Monday, July 14, 2008

Bummer of a multiplier, Howard 

The Democratic National Convention Committee told the city of Denver that its convention would provide $160-$200 million in economic impact. Ed Morrissey reports that they might be a few bucks short.
According to the Denver Post via Politico, Denver businesses have been disappointed by the amount of money spent locally by the Democratic National Convention Committee. While over 2,000 listings for local companies have made the DNCC�s directory, little actual revenue has been received by locals for the convention itself. The DNCC seems more comfortable working with vendors they already know, from as far away as New York City.
A recent paper by Robert Baade, Robert Baumann and Victor Matheson (BBM) argues that these claims of economic impact are largely bogus. The economic impact of all these conventioneers on Denver or St. Paul will be offset by local persons leaving the city while the conventions -- and all the traffic snarls and crowded bars and restaurants they entail -- go on. What happened to Broadway plays while the GOP met in New York in 2004? Down 20%. BBM cite a study by Craig Depken and Dennis Coates that showed the 1992 GOP convention in Houston "reduced taxable sales by $19 million and reduced sales tax revenues by approximately $1.4 million.� BBM find that there is no discernible effect of conventions on employment or personal income. Perhaps part of the reason is that conventions don't spend all their dollars locally.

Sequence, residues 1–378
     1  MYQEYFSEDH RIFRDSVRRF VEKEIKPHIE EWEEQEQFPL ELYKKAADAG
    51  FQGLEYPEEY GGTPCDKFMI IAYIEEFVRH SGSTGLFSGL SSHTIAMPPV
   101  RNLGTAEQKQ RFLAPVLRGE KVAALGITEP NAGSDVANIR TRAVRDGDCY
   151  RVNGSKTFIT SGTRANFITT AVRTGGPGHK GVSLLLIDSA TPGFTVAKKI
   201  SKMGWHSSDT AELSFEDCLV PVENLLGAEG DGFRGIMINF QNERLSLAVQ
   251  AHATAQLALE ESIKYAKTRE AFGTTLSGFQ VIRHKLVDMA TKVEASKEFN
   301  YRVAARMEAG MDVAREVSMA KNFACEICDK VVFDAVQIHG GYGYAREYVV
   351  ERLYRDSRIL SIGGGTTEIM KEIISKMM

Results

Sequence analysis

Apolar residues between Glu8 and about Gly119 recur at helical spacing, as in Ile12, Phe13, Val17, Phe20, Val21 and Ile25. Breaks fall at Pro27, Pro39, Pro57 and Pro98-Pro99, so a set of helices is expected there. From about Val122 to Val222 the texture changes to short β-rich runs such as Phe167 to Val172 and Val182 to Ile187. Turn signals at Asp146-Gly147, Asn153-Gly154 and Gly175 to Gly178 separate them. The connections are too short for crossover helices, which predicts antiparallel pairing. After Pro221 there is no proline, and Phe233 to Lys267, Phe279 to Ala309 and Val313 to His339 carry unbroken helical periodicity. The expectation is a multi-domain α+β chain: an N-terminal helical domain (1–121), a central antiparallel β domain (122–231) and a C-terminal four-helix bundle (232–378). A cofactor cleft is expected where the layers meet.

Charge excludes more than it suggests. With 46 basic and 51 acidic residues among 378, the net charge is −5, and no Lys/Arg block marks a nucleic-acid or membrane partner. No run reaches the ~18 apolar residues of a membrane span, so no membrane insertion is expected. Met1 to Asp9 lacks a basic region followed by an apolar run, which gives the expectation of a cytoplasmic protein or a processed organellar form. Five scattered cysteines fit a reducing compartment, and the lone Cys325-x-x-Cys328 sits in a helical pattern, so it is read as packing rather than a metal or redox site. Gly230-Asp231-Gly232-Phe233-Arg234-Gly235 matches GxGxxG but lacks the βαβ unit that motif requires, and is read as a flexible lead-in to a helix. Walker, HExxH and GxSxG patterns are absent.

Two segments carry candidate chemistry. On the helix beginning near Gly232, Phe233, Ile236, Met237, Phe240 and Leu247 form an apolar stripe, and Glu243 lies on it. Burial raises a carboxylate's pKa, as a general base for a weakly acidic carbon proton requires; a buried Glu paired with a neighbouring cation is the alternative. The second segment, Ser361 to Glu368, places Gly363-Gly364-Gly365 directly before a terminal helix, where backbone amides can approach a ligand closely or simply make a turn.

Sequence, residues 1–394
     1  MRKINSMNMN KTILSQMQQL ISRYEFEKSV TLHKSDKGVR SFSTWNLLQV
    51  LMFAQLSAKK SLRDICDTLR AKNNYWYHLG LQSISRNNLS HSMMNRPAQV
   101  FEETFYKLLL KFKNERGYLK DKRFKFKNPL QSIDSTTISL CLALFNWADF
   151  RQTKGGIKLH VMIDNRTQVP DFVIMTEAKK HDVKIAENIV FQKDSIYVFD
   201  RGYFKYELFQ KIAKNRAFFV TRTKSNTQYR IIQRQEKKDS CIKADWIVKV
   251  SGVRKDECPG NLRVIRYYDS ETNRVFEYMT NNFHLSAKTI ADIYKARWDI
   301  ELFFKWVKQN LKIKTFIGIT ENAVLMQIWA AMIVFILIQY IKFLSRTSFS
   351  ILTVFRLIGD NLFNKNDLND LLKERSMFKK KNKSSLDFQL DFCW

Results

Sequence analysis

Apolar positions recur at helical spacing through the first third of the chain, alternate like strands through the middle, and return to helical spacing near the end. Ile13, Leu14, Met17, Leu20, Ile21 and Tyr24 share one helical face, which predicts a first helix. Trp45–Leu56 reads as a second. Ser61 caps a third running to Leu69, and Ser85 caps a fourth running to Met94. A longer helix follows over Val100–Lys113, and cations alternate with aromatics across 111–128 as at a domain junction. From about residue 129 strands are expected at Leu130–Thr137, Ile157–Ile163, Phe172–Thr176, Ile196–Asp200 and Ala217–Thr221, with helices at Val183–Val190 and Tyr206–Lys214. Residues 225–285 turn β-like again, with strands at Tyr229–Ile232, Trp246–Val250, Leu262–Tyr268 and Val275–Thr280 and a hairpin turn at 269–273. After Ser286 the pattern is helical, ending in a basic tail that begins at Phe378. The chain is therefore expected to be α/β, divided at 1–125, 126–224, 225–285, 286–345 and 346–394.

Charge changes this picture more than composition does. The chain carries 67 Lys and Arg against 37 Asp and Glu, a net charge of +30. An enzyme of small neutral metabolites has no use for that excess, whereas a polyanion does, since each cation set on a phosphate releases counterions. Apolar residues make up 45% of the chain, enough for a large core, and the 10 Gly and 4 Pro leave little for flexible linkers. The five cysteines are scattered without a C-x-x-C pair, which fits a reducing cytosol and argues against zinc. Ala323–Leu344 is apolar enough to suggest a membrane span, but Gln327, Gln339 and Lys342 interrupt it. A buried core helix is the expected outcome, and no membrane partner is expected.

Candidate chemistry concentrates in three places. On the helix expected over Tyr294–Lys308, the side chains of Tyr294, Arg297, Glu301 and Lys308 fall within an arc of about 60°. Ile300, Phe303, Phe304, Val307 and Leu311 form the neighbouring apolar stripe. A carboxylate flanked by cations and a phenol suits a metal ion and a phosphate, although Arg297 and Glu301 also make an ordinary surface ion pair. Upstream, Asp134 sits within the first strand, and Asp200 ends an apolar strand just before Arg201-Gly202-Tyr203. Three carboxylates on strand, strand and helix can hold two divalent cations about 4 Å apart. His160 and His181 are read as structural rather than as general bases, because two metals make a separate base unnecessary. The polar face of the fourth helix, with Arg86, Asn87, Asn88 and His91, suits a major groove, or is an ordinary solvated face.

The same applies, by the way, for St. Paul, but at least one group is figuring out how to grab a few dollars.

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